By BARBARA FREDRICKSEN
© St. Petersburg Times, published September 15, 2001
Has it really been seven years and four months since Jimmy Ferraro and I tiptoed through strips of lumber and piles of sawdust as he prepared to open his 55-seat Angel "garden cafe" Theatre in Holiday?
It has, but here we were again, dodging carpenters and electricians and shouting over the noise of a worker who was slicing out slabs of concrete to make way for sewer pipes and water lines as Ferraro works toward the opening of his newest venture, the 200-seat Angel Cabaret Dinner Theatre in south New Port Richey.
"Can you believe this? Can you believe this?" he kept asking as we picked our way through sawhorses.
The original Angel was open for four successful years before Ferraro closed it in May 1998 to become artistic director at the Show Palace Dinner Theatre in Hudson, which had opened in 1996.
The series of Broadway musicals he launched at the 450-seat Show Palace have drawn hundreds of thousands of people from all over the state.
Ferraro left the Show Palace a year ago for health reasons, but the Show Palace kept the Broadway shows going under new artistic director Steven Flaa, hitting a new attendance record in February, when Hello, Dolly! brought in 13,485 patrons.
Meanwhile, Ferraro rested up and thought about his next theatrical venture.
It turned out to be the dinner theater in the former Mae's Fabrics in Southgate Shopping Center in south New Port Richey.
Now he's transforming it into an ornate performance venue, set to open on Oct. 19 with a musical, Nite Club Confidential.
The decor is Victorian, from the lace window curtains on the storefront windows to the crushed red velvet drapes at the theater entrance. The foyer will have ticket windows, gift boutique and a damask covered Victorian settee and chairs. The theater itself will have a stage 26 feet wide by 30 feet deep, shaped like a quarter oval. The walls will be painted hunter green, burgundy and mauve and the theater will have wall sconces and a beer and wine bar across from the stage.
Upstairs in the storage room, 200 red upholstered chairs are carefully stacked, along with more than 1,000 costumes and a variety of stage props, far away from the sawdust.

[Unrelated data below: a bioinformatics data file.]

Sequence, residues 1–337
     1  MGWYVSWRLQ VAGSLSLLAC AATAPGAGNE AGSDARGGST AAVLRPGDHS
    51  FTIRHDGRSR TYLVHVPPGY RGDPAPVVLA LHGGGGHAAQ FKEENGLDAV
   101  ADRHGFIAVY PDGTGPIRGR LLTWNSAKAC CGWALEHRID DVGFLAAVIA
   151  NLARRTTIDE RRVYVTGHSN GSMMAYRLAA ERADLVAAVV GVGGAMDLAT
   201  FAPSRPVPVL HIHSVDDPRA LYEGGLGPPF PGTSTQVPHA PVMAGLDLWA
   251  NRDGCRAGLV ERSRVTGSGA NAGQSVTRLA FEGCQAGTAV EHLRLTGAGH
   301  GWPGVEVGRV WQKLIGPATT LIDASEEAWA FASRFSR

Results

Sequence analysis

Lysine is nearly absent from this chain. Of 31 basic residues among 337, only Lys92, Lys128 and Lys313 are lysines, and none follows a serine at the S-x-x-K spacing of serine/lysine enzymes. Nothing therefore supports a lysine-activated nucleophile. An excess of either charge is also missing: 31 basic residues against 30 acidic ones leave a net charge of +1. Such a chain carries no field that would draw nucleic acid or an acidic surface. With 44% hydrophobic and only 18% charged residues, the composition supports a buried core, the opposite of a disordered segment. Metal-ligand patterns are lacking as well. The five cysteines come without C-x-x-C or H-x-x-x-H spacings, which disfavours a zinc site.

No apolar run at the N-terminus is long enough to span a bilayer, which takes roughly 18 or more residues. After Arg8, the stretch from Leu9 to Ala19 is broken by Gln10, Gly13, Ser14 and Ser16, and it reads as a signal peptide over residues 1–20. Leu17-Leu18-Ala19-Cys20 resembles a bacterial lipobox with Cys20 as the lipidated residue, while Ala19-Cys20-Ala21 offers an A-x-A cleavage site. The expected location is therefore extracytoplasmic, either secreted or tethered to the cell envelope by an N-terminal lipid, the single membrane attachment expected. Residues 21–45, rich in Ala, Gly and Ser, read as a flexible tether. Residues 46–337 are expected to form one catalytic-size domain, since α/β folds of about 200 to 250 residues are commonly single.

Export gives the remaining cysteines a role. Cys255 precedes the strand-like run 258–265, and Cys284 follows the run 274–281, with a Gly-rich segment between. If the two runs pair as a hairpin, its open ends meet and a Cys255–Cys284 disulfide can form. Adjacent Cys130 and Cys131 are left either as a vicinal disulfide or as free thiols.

The separate buffet room is behind the stage. Behind that are dressing rooms, restrooms and a holding room for the yet-to-be-hired food caterer.
Ferraro has sold his house in Spring Hill and will soon move to New Port Richey -- "back home," as he calls it.
If you're going to see All Night Strut at the Show Palace Dinner Theatre this weekend, you'll see a pinch-hitter for singer-dancer Kissy Simmons.
Ms. Simmons flew to New York on Monday for her third callback audition for the Broadway productions of The Lion King and Aida. She expected to be back home by Thursday, but because of the the tragedy, she hasn't been able to return.
Instead, singer Sara DelBeato will fill in for Ms. Simmons' vocal numbers, and director-choreographer John Leggio reconfigured the dances around the missing dancer.
Show Palace regulars will remember Ms. DelBeato as the husky-voiced Doatsey Mae in The Best Little Whorehouse in Texas and a myriad of roles over the past years. Her finest Show Palace moment, though, had to be her smoking rendition of At Last during a spring fundraiser for the Pasco Art Council's youth music and dance programs.
Meanwhile, in New York, the casting director for Rent has called and asked Ms. Simmons to audition for that show while she's in New York. And the producers of The Lion King gave her front row seats for Thursday's performance.
"I think Kissy is going to be gone from here after this show," said Nick Sessa, the co-owner of the Show Palace.
The Pasco Art Center has come up with a novel way to let potential artists get an idea of what they'll do and what they'll learn in the classes to be given at the center.
On Sept. 22, the center will hold "Art Demo Day."
From 10 a.m. to 2 p.m., you can wander around the center and chat with the people who will be teaching oil, watercolor and acrylic painting, pottery-making, drawing, photography, mosaic work, caricatures and music at the center. If enough people say they're interested in taking something besides what is offered, center executive director Marj Golub and program coordinator Carey Yaskovic say they will see what they can do to put such a class together.
Here's a special treat: author Barbara Cronin Harrington will be at the event to sign her latest book, Give Him Back to God, based on a true story of a 1982 murder in Port Richey. Ms. Harrington will also be signing up people for her free writing-publishing workshop that will be given 1 to 5 p.m. Oct. 17 at the center.
The preview day is part of the annual Centennial Park festival. The newly renovated Centennial Library will be officially reopened for business at 2 p.m. There will be clowns, kids' crafts, a book and flower sale, food, refreshments and the works. The Baker House also will be open for tours.